COLUMBUS, Ohio -- Less ice covers the Arctic today than at any time in recent geologic history.
That's the conclusion of an international group of researchers, who have compiled the first comprehensive history of Arctic ice.
For decades, scientists have strived to collect sediment cores from the difficult-to-access Arctic Ocean floor, to discover what the Arctic was like in the past. Their most recent goal: to bring a long-term perspective to the ice loss we see today.
Now, in an upcoming issue of Quarternary Science Reviews, a team led by Ohio State University has re-examined the data from past and ongoing studies -- nearly 300 in all -- and combined them to form a big-picture view of the pole's climate history stretching back millions of years.
"The ice loss that we see today -- the ice loss that started in the early 20th Century and sped up during the last 30 years -- appears to be unmatched over at least the last few thousand years," said Leonid Polyak, a research scientist at Byrd Polar Research Center at Ohio State University. Polyak is lead author of the paper and a preceding report that he and his coauthors prepared for the U.S. Climate Change Science Program.
Satellites can provide detailed measures of how much ice is covering the pole right now, but sediment cores are like fossils of the ocean's history, he explained.
"Sediment cores are essentially a record of sediments that settled at the sea floor, layer by layer, and they record the conditions of the ocean system during the time they settled. When we look carefully at various chemical and biological components of the sediment, and how the sediment is distributed -- then, with certain skills and luck, we can reconstruct the conditions at the time the sediment was deposited."
For example, scientists can search for a biochemical marker that is tied to certain species of algae that live only in ice. If that marker is present in the sediment, then that location was likely covered in ice at the time. Scientists call such markers "proxies" for the thing they actually want to measure -- in this case, the geographic extent of the ice in the past.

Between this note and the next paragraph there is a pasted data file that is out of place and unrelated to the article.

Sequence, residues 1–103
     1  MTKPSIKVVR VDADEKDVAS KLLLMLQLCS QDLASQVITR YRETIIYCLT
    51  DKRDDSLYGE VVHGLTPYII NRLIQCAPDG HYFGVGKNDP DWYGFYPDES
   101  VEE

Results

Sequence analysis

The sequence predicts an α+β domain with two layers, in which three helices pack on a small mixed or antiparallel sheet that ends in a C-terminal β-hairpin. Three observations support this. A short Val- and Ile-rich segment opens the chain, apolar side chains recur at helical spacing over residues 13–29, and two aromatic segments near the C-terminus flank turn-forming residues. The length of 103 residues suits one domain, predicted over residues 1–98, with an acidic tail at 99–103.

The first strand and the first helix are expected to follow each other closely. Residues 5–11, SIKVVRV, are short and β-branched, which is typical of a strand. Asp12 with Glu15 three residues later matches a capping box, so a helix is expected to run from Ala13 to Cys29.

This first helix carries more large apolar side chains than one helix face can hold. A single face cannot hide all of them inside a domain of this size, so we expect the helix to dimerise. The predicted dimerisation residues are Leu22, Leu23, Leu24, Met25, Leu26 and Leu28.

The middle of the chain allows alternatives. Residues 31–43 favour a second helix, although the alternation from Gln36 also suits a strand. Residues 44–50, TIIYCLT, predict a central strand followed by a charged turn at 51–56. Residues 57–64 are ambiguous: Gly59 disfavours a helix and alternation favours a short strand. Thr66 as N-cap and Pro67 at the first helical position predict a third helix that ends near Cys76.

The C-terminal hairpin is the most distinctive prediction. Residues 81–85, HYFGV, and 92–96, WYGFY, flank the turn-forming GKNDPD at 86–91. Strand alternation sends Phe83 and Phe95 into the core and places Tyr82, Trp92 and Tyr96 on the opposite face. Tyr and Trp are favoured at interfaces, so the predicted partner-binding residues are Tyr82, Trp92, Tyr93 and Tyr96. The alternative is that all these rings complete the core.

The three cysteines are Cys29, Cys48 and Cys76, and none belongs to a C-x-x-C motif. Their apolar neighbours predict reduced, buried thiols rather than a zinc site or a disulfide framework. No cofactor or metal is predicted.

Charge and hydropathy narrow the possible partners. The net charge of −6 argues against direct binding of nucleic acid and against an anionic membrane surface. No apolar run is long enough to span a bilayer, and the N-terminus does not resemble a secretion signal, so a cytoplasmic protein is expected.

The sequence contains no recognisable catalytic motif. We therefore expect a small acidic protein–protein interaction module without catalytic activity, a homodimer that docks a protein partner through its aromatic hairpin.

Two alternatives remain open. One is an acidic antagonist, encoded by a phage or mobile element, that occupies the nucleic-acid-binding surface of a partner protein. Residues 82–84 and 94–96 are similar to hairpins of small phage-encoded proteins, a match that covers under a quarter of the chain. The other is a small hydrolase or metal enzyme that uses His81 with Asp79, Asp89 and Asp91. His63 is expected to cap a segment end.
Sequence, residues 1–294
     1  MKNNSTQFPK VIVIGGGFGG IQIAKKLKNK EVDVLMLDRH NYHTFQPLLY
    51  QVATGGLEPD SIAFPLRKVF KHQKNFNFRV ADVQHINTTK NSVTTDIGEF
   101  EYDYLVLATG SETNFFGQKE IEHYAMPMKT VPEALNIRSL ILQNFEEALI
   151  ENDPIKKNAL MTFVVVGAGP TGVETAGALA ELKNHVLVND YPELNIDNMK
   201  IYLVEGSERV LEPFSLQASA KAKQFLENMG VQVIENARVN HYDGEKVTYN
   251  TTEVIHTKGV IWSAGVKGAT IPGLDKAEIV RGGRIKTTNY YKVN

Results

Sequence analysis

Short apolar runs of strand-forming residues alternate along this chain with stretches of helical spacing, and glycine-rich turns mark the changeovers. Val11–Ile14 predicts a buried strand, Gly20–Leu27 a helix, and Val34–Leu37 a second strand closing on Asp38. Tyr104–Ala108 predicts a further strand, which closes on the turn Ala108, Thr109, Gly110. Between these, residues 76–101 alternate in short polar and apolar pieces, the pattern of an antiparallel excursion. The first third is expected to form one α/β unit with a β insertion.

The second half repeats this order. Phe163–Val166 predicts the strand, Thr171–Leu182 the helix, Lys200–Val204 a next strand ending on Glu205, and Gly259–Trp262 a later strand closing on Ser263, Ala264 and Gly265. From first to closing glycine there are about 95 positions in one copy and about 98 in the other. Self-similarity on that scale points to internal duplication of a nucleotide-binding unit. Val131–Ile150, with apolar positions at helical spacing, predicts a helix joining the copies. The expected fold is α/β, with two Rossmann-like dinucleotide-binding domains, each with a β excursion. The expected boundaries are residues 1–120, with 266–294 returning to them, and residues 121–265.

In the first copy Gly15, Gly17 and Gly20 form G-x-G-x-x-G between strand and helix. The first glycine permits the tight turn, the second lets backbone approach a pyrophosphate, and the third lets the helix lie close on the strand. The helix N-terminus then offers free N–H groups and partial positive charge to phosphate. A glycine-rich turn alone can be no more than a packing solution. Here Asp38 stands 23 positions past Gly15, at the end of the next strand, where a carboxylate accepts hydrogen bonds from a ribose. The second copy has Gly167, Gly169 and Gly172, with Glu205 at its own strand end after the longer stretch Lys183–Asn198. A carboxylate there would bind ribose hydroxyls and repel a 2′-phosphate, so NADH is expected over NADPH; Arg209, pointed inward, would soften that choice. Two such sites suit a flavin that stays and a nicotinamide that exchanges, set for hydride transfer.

While knowing the loss of surface area of the ice is important, Polyak says that this work can't yet reveal an even more important fact: how the total volume of ice -- thickness as well as surface area -- has changed over time.
"Underneath the surface, the ice can be thick or thin. The newest satellite techniques and field observations allow us to see that the volume of ice is shrinking much faster than its area today. The picture is very troubling. We are losing ice very fast," he said.
"Maybe sometime down the road we'll develop proxies for the ice thickness. Right now, just looking at ice extent is very difficult."
To review and combine the data from hundreds of studies, he and his cohorts had to combine information on many different proxies as well as modern observations. They searched for patterns in the proxy data that fit together like pieces of a puzzle.
Their conclusion: the current extent of Arctic ice is at its lowest point for at least the last few thousand years.
As scientists pull more sediment cores from the Arctic, Polyak and his collaborators want to understand more details of the past ice extent and to push this knowledge further back in time.
During the summer of 2011, they hope to draw cores from beneath the Chukchi Sea, just north of the Bering Strait between Alaska and Siberia. The currents emanating from the northern Pacific Ocean bring heat that may play an important role in melting the ice across the Arctic, so Polyak expects that the history of this location will prove very important. He hopes to drill cores that date back thousands of years at the Chukchi Sea margin, providing a detailed history of interaction between oceanic currents and ice.
"Later on in this cruise, when we venture into the more central Arctic Ocean, we will aim at harvesting cores that go back even farther," he said. "If we could go as far back as a million years, that would be perfect."
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